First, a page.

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More on Gore’s An Inconvenient Truth

May 10, 2007

This is my week for thinking about environmental issues and history. On Monday I discussed the idea of using Al Gore’s documentary, An Inconvenient Truth, in classrooms. On Tuesday I posted a story about the conflicting interests of business (Midwest Generation) and the people of Illinois with regard to Chicagoland’s waterways. Today I found an enlightening review of Gore’s movie – by an author, Jacob Foster, who has also read the book (I have not).

The review addresses another topic discussed here in early February: non-linearity. My winter post discussed non-linear thinking, but the review discusses non-linear systems. You’ll see in the review why the old post came to mind.

In the Monday post, I mentioned the occasional political jabs by Gore in the film. By way of a teaser to the longer review, here’s what Foster wrote on that subject, as well as what uplifts the film overall (bolds are mine):

“Viewers of An Inconvenient Truth cannot help but indulge in a game of ‘what if’, perhaps unfairly pitting the born-again Gore of 2006 against the tremendously unpopular and beleagured President of the same year. The movie only gestures indirectly at such speculations, and Gore is generally delicate in his book regarding the current administration. He does not, however, spare the brimstone in indicting the White House’s contemtible and contemptuous attitude towards the truths of science (for example, the hiring of oil-company stooge Philip Cooney as chief of staff for the White House environment office). More cutting is Gore’s evisceration of the cynical campaign to sow doubt in the minds of voters regarding climate change. To illustrate the perfidy of these latter-day sophists, Gore points to an internal memo from a coalition of special interest groups pushing global warming skepticism. This memo states as the coalition’s objective to ‘reposition global warming as theory, rather than fact.’ The crass stink of Madison Avenue wafting off the memo recalls other famously malodourous public disinformation campaigns: the sulphrous reek of Big Tobacco’s timeless cancer coverup, and the barnyard tang of the more recent Intelligent Design circus. Gore has the anger of a zealot for the charlatan science of global warming skeptics. Indeed, one of Gore’s most endearing traits, apparent in the book but obvious in the film, is his tremendous respect for scientific truth. For every moment of Gore playing the professor is a moment where he becomes a boundlessly enthusiastic prize pupil. This is in sharp, tragic contrast to the hedging of President Bush, who is happy to be undecided about evolution in the face of all those facts as long as it is politically expedient to do so.”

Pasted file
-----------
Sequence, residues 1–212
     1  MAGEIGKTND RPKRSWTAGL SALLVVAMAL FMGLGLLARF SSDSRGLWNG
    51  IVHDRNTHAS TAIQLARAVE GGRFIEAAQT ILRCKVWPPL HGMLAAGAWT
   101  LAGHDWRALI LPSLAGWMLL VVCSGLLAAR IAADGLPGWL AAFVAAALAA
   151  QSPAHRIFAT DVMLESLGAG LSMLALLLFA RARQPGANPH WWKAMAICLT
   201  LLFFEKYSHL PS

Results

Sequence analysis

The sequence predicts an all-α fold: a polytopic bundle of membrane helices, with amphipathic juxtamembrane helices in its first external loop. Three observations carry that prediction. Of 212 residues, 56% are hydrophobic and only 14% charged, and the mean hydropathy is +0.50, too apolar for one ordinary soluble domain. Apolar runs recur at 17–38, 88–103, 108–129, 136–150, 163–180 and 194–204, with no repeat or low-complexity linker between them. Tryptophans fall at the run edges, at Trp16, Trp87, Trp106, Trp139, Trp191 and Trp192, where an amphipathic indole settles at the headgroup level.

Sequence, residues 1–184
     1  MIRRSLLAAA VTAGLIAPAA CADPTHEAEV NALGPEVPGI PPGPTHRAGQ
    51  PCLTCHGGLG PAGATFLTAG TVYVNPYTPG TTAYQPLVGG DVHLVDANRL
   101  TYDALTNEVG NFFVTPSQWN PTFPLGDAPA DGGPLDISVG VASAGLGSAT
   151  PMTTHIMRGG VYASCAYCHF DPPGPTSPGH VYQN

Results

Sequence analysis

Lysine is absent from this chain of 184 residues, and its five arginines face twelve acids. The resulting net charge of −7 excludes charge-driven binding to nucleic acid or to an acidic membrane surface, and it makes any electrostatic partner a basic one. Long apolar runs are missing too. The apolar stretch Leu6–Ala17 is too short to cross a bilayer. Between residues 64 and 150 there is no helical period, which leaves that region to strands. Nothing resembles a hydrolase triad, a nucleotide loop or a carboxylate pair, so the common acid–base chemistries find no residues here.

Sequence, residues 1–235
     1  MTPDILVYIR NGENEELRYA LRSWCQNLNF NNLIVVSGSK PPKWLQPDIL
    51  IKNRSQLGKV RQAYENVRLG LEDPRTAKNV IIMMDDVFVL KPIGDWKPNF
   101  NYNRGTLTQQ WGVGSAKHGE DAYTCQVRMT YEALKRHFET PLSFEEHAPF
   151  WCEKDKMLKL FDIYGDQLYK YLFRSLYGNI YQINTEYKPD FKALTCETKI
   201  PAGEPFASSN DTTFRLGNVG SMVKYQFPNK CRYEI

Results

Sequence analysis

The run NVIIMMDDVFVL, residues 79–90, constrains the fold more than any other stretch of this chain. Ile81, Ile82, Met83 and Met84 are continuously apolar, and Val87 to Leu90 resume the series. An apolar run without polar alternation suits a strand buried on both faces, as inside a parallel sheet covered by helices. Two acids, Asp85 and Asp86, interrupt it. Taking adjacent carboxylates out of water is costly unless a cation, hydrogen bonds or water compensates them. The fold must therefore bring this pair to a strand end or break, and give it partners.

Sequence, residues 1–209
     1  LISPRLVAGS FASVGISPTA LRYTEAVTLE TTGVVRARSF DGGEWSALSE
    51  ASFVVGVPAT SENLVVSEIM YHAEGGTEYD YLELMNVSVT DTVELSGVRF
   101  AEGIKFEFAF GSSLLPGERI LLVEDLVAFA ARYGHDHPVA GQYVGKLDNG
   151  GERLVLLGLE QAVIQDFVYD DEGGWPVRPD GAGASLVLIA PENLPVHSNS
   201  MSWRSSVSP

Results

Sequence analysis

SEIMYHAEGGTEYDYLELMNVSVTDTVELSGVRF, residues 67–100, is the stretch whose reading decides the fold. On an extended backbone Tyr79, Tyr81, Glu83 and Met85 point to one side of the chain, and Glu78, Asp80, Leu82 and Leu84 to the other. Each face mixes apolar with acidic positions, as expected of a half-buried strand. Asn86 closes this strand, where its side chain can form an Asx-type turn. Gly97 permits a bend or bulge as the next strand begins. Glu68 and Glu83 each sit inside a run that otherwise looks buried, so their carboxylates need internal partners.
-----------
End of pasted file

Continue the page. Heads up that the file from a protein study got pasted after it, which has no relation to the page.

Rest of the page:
And here’s one more paragraph on the transcendent aspects of the book and movie:

“What elevates the book, and the movie, is the way that Gore’s personal story and the story of climate change move in carefully orchestrated counterpoint to articulate a vision of hope and a challenge for the future. If Gore indulges in fear-mongering, it is not the cheap partisan tactic that promises a war that will not end against an enemy that cannot be defined. Gore defines the enemy—and it is us. He promises a war, but it is a war against the darker aspects of human nature, the selfish, shortsighted worldview that drives us to plunder now at the expense of our neighbors and our children. Gore’s battle will be fought in the halls of Congress, and in corporate boardrooms; but also in our voting booths, at our dinner tables, on our electricity bills. An Inconvenient Truth provides the explicit marching orders in great detail, particularly the book (the final seventeen ‘green pages’ of tips justify the purchase entirely). But it is the film that calls out most clearly the moral challenge—and offers up Gore as an example.”

. . . Happy reading. – TL

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